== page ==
SAVE THE DATE!     AUGUST 14, 2017      ALL STUDENT ORIENTATION
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WSCA Positive Behavior Interventions and Supports

 

What is Positive Behavior Interventions and Supports?

Positive Behavior Interventions and Supports (PBIS) is an approach to supporting students to be successful in schools.  PBIS was developed from research in the fields of behavior theory and effective instruction.  PBIS supports all students through intervention ranging from a school-wide system to a system for developing individualized plans for specific students. School-wide PBIS focuses on the development and implementation of pro-active procedures and practices to prevent problem behavior for all students and improve school climate. 

 

 Campus-Wide Values

 Committed    Prepared    Respectful    Engaged    Professional

 
Why do we have Campus-wide Values?

Having a few simple, positively stated values facilitates the teaching of behavioral expectations across school settings because students will be learning through the same language.  It is also important for staff because instruction focusing on a few simple values will improve teaching and consistency across staff through the use of a common language.

Positively stated values are important, because research has shown that recognizing students for following the values is even more important than catching them breaking the values.  By stating values positively, the hope is that staff will be more likely to use the values to catch students engaging in the appropriate behavior.

By selecting only a few values it is important that the values are broad enough to talk about all potential problem behaviors.  With the values selected, the PBIS team believes that we can then teach all specific behavioral expectations across all school setting according to these simple values. For example, a staff member might say to a student in the gym “thank you for being respectful by eating outside of the gym.”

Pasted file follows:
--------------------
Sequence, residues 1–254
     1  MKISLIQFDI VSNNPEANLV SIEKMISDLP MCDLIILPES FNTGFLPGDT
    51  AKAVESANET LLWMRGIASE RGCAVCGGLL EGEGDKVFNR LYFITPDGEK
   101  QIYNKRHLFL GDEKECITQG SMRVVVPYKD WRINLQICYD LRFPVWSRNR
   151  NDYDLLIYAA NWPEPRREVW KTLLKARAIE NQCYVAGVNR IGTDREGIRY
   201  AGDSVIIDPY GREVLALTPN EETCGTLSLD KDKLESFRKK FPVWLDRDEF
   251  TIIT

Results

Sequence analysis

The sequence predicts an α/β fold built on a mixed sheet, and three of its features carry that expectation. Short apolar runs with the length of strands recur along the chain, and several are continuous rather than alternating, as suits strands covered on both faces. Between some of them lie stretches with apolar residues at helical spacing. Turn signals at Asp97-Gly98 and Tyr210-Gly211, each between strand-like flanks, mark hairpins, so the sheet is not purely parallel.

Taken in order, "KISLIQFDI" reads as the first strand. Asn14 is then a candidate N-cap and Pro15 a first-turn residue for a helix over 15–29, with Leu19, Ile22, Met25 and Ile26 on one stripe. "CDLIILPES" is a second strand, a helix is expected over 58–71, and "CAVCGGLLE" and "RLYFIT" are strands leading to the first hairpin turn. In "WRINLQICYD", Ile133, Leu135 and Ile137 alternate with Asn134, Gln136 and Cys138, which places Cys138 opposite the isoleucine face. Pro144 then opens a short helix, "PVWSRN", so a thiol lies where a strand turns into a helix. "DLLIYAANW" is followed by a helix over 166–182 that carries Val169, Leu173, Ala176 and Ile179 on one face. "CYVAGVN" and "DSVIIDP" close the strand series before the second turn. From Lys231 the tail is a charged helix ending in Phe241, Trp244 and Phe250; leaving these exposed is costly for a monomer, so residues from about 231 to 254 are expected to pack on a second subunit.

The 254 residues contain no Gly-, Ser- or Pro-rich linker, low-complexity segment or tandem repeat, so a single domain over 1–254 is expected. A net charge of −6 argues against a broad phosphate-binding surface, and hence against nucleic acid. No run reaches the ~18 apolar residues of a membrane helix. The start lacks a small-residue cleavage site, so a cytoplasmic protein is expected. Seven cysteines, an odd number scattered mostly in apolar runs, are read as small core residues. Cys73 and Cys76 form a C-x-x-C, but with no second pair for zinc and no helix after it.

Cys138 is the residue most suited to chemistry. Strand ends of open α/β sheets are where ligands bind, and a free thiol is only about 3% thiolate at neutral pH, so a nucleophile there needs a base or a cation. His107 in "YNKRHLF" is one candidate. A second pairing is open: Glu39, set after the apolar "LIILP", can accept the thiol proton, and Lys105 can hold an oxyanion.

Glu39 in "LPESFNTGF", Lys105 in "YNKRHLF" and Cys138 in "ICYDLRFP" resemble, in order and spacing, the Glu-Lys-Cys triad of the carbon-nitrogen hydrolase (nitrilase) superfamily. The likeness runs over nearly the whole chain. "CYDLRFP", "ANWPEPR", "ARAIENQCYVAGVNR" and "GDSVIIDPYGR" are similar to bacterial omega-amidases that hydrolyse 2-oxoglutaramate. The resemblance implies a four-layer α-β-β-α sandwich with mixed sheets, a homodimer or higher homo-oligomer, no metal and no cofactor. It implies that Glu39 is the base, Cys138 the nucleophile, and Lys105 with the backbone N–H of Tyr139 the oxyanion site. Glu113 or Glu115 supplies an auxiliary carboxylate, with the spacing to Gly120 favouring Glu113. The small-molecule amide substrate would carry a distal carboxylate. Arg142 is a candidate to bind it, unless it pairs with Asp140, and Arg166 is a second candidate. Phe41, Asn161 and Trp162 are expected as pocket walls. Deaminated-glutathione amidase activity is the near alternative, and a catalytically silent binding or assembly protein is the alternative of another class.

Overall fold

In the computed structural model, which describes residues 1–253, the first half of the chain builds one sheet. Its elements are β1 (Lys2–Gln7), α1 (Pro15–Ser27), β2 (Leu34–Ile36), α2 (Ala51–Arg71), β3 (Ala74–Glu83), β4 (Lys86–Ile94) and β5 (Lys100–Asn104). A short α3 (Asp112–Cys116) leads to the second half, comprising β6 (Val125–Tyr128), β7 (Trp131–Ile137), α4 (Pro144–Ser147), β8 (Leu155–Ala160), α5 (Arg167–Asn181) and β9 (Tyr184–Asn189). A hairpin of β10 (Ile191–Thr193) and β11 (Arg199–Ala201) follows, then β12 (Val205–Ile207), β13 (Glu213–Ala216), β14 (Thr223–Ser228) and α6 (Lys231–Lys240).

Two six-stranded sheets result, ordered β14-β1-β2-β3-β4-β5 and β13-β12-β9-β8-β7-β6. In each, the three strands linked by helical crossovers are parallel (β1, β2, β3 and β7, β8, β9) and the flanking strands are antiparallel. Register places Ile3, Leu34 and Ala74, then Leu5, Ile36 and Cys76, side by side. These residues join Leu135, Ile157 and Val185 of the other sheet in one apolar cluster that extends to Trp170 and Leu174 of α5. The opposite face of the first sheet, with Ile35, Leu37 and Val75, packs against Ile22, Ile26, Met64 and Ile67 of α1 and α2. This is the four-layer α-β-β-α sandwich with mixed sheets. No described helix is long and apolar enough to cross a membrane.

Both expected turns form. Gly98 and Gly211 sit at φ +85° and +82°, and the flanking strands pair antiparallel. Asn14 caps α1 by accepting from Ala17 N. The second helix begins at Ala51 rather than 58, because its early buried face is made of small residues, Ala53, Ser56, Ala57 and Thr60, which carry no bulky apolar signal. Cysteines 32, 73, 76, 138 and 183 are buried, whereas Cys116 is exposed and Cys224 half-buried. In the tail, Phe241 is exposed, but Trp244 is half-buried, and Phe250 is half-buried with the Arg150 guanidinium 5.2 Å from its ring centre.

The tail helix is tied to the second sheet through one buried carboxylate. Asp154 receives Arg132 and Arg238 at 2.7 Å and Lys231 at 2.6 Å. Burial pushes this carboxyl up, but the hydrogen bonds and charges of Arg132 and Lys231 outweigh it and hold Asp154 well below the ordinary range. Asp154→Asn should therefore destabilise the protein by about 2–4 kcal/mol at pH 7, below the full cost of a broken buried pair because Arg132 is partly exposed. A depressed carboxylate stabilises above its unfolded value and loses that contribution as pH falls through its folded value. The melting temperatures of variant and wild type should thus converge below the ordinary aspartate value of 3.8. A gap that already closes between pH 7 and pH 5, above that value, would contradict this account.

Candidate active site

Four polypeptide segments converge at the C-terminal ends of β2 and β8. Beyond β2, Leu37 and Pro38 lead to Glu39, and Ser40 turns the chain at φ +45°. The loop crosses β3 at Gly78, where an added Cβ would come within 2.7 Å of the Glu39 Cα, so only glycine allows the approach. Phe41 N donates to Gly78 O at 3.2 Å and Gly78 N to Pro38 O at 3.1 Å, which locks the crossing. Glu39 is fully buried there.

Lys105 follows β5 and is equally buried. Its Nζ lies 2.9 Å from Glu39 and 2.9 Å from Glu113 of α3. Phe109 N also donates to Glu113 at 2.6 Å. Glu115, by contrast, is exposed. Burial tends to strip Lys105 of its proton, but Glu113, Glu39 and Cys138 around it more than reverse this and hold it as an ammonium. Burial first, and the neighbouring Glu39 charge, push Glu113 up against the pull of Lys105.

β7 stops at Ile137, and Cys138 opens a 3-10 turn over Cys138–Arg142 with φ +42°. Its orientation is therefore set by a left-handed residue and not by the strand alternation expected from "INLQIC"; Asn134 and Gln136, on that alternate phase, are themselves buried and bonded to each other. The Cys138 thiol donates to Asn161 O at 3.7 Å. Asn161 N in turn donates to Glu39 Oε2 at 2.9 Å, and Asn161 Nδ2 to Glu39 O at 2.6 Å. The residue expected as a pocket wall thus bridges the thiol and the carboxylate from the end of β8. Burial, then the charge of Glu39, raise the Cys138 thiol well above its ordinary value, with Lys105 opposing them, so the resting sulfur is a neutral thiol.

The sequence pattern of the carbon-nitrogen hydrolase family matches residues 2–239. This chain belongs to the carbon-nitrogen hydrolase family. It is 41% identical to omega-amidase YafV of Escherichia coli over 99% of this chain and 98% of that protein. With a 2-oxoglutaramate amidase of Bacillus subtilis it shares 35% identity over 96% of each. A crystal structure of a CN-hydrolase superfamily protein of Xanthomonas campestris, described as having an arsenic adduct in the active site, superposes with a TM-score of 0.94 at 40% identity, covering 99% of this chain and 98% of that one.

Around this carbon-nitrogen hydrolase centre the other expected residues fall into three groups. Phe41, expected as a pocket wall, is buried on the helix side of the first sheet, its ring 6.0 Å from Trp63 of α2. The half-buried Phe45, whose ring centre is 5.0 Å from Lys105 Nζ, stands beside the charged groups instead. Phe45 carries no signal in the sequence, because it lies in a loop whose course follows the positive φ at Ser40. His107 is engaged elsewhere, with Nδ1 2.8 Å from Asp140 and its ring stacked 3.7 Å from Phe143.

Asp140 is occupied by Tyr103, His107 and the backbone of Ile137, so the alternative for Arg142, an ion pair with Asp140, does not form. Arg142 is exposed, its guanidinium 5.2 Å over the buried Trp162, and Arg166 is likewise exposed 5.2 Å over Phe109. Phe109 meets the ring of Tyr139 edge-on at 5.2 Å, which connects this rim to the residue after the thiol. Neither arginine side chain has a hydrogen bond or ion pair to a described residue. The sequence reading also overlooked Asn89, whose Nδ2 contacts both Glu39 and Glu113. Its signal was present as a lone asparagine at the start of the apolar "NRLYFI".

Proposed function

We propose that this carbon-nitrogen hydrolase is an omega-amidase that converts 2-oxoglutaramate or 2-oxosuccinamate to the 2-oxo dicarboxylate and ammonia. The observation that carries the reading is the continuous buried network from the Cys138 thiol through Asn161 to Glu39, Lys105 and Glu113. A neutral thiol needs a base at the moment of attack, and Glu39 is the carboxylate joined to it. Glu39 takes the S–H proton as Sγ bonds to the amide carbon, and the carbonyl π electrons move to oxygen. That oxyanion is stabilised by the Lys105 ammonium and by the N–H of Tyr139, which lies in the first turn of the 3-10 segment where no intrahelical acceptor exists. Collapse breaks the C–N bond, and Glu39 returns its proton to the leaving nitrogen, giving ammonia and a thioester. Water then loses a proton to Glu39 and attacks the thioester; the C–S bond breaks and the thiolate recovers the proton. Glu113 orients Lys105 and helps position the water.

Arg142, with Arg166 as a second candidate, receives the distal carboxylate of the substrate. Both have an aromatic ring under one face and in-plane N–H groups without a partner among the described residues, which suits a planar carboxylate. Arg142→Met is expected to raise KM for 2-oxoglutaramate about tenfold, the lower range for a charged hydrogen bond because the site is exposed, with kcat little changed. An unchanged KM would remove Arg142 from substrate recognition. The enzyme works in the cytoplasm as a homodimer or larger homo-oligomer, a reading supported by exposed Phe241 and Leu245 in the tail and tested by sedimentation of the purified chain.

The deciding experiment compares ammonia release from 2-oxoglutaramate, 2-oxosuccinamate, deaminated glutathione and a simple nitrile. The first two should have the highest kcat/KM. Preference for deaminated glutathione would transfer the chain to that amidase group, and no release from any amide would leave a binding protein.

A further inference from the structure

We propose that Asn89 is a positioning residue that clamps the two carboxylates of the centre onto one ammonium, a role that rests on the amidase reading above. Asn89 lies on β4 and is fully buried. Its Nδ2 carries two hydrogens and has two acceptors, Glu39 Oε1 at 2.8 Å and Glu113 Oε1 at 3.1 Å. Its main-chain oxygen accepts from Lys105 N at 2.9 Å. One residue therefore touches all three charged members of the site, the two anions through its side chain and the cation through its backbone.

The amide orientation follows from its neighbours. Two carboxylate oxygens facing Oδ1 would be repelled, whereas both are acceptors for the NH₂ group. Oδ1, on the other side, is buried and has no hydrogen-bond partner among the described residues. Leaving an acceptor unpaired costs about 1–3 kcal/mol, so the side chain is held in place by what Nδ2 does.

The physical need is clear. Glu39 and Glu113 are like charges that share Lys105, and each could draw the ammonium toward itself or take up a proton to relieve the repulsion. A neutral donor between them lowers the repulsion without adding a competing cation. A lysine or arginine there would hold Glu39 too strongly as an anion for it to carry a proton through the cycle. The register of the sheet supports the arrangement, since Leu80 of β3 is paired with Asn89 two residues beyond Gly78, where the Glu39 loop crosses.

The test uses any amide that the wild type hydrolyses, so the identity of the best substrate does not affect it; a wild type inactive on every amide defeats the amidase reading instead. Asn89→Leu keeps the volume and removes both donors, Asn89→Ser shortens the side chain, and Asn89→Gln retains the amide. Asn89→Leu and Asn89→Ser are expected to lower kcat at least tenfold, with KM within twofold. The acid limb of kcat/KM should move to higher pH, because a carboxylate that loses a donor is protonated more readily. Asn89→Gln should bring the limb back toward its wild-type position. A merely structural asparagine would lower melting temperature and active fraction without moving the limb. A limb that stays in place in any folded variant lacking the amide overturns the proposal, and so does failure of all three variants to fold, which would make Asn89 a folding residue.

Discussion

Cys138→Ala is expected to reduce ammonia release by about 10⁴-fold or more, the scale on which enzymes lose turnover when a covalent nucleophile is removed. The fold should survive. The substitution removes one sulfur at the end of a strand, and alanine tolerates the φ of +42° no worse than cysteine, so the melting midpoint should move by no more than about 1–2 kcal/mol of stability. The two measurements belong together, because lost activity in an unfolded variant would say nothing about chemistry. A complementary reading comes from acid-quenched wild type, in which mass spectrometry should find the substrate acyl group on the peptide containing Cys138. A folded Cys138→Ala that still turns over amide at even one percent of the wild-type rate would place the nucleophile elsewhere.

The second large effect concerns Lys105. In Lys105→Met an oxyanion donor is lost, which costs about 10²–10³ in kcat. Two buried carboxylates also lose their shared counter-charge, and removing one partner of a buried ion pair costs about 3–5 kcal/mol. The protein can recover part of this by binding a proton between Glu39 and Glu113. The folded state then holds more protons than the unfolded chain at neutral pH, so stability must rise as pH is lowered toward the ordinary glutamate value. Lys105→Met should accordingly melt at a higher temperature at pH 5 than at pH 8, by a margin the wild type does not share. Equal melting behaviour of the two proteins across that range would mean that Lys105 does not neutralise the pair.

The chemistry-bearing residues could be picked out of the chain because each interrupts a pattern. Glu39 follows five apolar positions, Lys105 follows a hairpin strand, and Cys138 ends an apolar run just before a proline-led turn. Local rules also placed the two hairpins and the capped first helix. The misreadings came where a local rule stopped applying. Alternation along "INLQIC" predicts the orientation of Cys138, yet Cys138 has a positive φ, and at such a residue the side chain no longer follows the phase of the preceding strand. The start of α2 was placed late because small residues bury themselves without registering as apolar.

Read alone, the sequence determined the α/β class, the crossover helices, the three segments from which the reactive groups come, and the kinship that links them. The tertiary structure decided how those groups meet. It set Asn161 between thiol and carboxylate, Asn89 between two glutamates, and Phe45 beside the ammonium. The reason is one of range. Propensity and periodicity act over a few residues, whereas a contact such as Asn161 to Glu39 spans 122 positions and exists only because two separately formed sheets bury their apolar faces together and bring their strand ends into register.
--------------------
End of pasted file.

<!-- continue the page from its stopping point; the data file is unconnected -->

What is our goal?

 

The goal is to help foster a campus-wide environment that is predictable, consistent, positive, safe, and equitable.  

 An example of creating positive expectations with these as values can be seen below:

 

Committed

Prepared

Respectful

Engaged

Professional

Be committed to positive relationships with peers.

Be prepared for classes and arrive on time with the correct materials.

Keep common areas clean and free of trash.

Greet other students with kindness and enthusiasm.

Reside only in common areas that are observed by adults.

Be committed to including peers.

Know where you are supposed to be and arrive on time.

Respect each other's space, thoughts, feelings, and beliefs.

Help others who are in need.

Use appropriate language.

 

School Values Posters

School posters, designed using the behavior expectations matrix, will be disseminated and posted in key locations throughout the school.  This will help to prompt staff and students to pay attention to the school values and provide a reference to refer students to when reminding students of those values. 

Why teach the Values, Expectations, and Routines during the first week of school?

One of the major reasons to teach behavioral expectations and routines across settings is that so all staff agrees on what is expected.  This will improve consistency across staff in enforcing the school values. A second major reason is that we cannot assume that students know the expectations and routines.

Why do we want to recognize expected behavior?

It is not enough just to teach expected behavior, we also need to regularly recognize and reward students for engaging in appropriate behavior.  Research on effective teaching has found that teachers should engage in a rate of 4 positive interactions with students to every 1 negative interaction (4:1 ratio).  The goal of an acknowledgment system is to increase the number of positive interactions that all school staff have with students.  You get what you celebrate!At Western Sierra, we hand out CPREP cards to acknowledge students for appropriate behavior.